13 June MS&AD CUP Japan   5–1   Mexico Utsunomiya, Japan
14:00 UTC+9
Report (JFA)
Report (JFA)
Report (FMF)
Report (Soccerway)
Stadium: Kanseki Stadium Tochigi
Referee: Asaka Koizumi (England)
14 July MS&AD CUP Japan   v TBD Kameoka, Japan
--:-- UTC+9 Report (JFA)
[Report (JFA)]
[Report (Soccerway)]
Stadium: Sanga Stadium by Kyocera
21 July 2020 Summer Olympics GS Group E Japan   v   Canada Sapporo, Japan
19:30 UTC+9 [Report (FIFA)]
[Report (JFA)]
[Report (JFA)]
[Report (Soccerway)]
Stadium: Sapporo Dome
24 July 2020 Summer Olympics GS Group E Japan   v   Great Britain Sapporo, Japan
19:30 UTC+9 [Report (FIFA)]
[Report (JFA)]
[Report (JFA)]
[Report (Soccerway)]
Stadium: Sapporo Dome
27 July 2020 Summer Olympics GS Group E Chile   v   Japan Rifu, Japan
20:00 UTC+9 [Report (FIFA)]
[Report (JFA)]
[Report (JFA)]
[Report (Soccerway)]
Stadium: Miyagi Stadium

All-time resultsEdit

  • The following table shows Japan women's all-time international record, correct as of 1 Jan 2021.
Against Played Won Drawn Lost GF GA
Total 266 144 43 78 551 307

Head-to-head recordEdit

As of 11 March 2020, after the match against   United States.

Coaching staffEdit

Current coaching staffEdit

As of 7 May 2021[17]
Position Name
Head coach   Asako Takakura
Assistant coach   Yumi Obe
Goalkeeping coach   Akiyoshi Ohashi
Physical coach   Norikazu Hirose

Manager historyEdit

As of 11 March 2020 after the match against   United States.
Name Period Matches Wins Draws Losses Winning % Notes
  Seiki Ichihara (市原 聖曠) 1981 0 0 0 0 00.0%
  Takao Orii (折井 孝男) 1984 0 0 0 0 00.0%
  Ryohei Suzuki (鈴木 良平) 1986–1989 0 0 0 0 00.0%
  Satoshi Miyauchi (宮内 聡) 1997–1999 0 0 0 0 00.0%
  Shinobu Ikeda (池田 司信) 2000–2001 0 0 0 0 00.0%
  Eiji Ueda (上田 栄治) 2002–2004 0 0 0 0 00.0%
  Hiroshi Ohashi (大橋 浩司) 2004–2008 0 0 0 0 00.0%
  Norio Sasaki (佐々木 則夫) 2008–2016 0 0 0 0 00.0%
  Asako Takakura (高倉 麻子) 2016– 0 0 0 0 00.0%

PlayersEdit

Current squadEdit

The following 23 players were named to the squad for the friendlies against   Ukraine and   Mexico on 10 and 13 June 2021, respectively.[18]

Caps and goals are correct as of 13 June 2021, after match against   Mexico.

No. Pos. Player Date of birth (age) Caps Goals Club
1 1GK Sakiko Ikeda (池田 咲紀子) (1992-09-08) 8 September 1992 (age 28) 18 0   Urawa Reds
18 1GK Ayaka Yamashita (山下 杏也加) (1995-09-29) 29 September 1995 (age 25) 39 0   Nippon TV Beleza
21 1GK Hannah Stambaugh (スタンボー 華) (1998-12-24) 24 December 1998 (age 22) 0 0   Omiya Ardija Ventus

4 2DF Saki Kumagai (熊谷 紗希) (captain) (1990-10-17) 17 October 1990 (age 30) 114 1   Bayern Munich
3 2DF Mayo Doko (土光 真代) (1996-05-03) 3 May 1996 (age 25) 5 0   Nippon TV Beleza
2 2DF Risa Shimizu (清水 梨紗) (1996-06-15) 15 June 1996 (age 24) 37 1   Nippon TV Beleza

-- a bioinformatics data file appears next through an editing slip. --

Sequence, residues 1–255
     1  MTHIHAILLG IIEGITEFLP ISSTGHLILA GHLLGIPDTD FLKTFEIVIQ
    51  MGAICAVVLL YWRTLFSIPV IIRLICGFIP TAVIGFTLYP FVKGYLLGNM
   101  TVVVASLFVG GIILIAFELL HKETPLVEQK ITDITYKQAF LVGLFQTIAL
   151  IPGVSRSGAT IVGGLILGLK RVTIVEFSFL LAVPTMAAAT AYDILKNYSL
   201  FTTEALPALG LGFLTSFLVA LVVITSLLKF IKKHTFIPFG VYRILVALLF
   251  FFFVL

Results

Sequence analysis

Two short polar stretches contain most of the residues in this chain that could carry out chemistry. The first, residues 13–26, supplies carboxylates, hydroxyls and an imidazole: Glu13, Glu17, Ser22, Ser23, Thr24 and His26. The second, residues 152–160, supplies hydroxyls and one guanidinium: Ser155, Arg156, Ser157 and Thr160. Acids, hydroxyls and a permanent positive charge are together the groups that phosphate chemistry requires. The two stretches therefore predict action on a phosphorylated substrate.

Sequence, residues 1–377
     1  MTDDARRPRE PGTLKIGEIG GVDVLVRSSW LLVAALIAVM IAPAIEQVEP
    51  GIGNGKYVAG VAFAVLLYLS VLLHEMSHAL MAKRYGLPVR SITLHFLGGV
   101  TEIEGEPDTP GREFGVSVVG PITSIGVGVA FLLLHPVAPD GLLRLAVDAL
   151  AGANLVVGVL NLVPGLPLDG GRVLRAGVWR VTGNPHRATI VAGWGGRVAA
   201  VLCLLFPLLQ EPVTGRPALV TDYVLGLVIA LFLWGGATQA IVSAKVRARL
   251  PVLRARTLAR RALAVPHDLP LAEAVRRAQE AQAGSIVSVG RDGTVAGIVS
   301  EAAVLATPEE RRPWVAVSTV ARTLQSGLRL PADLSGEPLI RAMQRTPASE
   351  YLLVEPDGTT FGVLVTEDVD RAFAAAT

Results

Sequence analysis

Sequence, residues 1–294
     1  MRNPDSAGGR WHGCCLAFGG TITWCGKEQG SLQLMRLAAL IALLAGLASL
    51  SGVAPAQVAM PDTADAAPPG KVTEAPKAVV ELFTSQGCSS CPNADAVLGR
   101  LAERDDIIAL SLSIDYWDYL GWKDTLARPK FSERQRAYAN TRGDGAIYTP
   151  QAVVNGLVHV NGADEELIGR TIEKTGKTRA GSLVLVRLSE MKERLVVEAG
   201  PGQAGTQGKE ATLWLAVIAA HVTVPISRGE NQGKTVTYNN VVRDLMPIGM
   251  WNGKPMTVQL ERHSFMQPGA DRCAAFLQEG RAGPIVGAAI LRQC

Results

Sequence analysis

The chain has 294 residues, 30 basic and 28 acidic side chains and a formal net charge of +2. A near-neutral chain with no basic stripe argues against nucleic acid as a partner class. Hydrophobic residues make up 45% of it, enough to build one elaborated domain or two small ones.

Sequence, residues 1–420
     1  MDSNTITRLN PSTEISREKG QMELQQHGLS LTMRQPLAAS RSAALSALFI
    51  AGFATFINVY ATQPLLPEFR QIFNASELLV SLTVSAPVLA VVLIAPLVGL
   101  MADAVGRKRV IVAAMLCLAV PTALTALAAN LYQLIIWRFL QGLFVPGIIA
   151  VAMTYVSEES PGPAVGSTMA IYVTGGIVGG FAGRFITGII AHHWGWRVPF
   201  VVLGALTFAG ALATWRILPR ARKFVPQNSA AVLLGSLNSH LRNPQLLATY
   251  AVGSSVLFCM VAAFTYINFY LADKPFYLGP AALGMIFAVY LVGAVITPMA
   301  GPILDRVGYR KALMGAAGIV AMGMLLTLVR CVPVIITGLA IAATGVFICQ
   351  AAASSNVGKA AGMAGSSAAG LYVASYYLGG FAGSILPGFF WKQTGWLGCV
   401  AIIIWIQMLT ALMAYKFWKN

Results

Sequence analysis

16 2DF Asato Miyagawa (宮川 麻都) (1998-02-24) 24 February 1998 (age 23) 13 0   Nippon TV Beleza
5 2DF Moeka Minami (南 萌華) (1998-12-07) 7 December 1998 (age 22) 14 1   Urawa Reds
22 2DF Saori Takarada (宝田 沙織) (1999-12-27) 27 December 1999 (age 21) 6 1   Washington Spirit
15 2DF Hana Takahashi (高橋 はな) (2000-02-19) 19 February 2000 (age 21) 3 0   Urawa Reds

7 3MF Emi Nakajima (中島 依美) (1990-09-27) 27 September 1990 (age 30) 85 14   INAC Kobe Leonessa
14 3MF Yui Hasegawa (長谷川 唯) (1997-01-29) 29 January 1997 (age 24) 45 9   Milan
6 3MF Hina Sugita (杉田 妃和) (1997-01-31) 31 January 1997 (age 24) 22 2   INAC Kobe Leonessa
17 3MF Narumi Miura (三浦 成美) (1997-07-03) 3 July 1997 (age 23) 23 0   Nippon TV Beleza
19 3MF Yuzuho Shiokoshi (塩越 柚歩) (1997-11-01) 1 November 1997 (age 23) 2 2   Urawa Reds
20 3MF Honoka Hayashi (林 穂之香) (1998-05-19) 19 May 1998 (age 23) 6 0   AIK
23 3MF Nanami Kitamura (北村 菜々美) (1999-11-25) 25 November 1999 (age 21) 3 0   Nippon TV Beleza
13 3MF Momoka Kinoshita (木下 桃香) (2003-03-02) 2 March 2003 (age 18) 3 1   Nippon TV Beleza

9 4FW Yuika Sugasawa (菅澤 優衣香) (1990-10-05) 5 October 1990 (age 30) 74 24   Urawa Reds
8 4FW Mana Iwabuchi (岩渕 真奈) (1993-03-18) 18 March 1993 (age 28) 76 34   Arsenal
11 4FW Mina Tanaka (田中 美南) (1994-04-28) 28 April 1994 (age 27) 46 19   Bayer Leverkusen
10 4FW Yuka Momiki (籾木 結花) (1996-04-09) 9 April 1996 (age 25) 37 14   OL Reign
12 4FW Jun Endo (遠藤 純) (2000-05-24) 24 May 2000 (age 21) 16 1   Nippon TV Beleza

Recent call-upsEdit

  • The following players have been called up to a Japan squad in the past 12 months.
Pos. Player Date of birth (age) Caps Goals Club Latest call-up
GK Chika Hirao (平尾 知佳) (1996-12-31) 31 December 1996 (age 24) 2 0   Albirex Niigata Training camp, 11–17 May 2021
GK Mamiko Matsumoto (松本 真未子) (1997-10-09) 9 October 1997 (age 23) 0 0   Mynavi Sendai Training camp, 23–29 November 2020
GK Erina Yamane (山根 恵里奈) (1990-12-20) 20 December 1990 (age 30) 26 0   JEF United Chiba Training camp, 19–26 October 2020

DF Aya Sameshima (鮫島 彩) (1987-06-16) 16 June 1987 (age 33) 114 5   Omiya Ardija Ventus Training camp, 11–17 May 2021
DF Shiori Miyake (三宅 史織) (1995-10-13) 13 October 1995 (age 25) 25 0   INAC Kobe Leonessa Training camp, 11–17 May 2021
DF Reina Wakisaka (脇阪 麗奈) (1999-05-02) 2 May 1999 (age 22) 0 0   Nojima Stella Training camp, 11–17 May 2021
DF Arisa Matsubara (松原 有沙) (1995-05-01) 1 May 1995 (age 26) 4 1   Nojima Stella Training camp, 23–29 November 2020
DF Kiko Seike (清家 貴子) (1996-08-08) 8 August 1996 (age 24) 2 1   Urawa Reds Training camp, 23–29 November 2020
DF Nana Ichise (市瀬 菜々) (1997-08-04) 4 August 1997 (age 23) 19 0   Mynavi Sendai Training camp, 19–26 October 2020

MF Yuki Mizutani (水谷 有希) (1996-04-11) 11 April 1996 (age 25) 0 0   Urawa Reds Training camp, 11–17 May 2021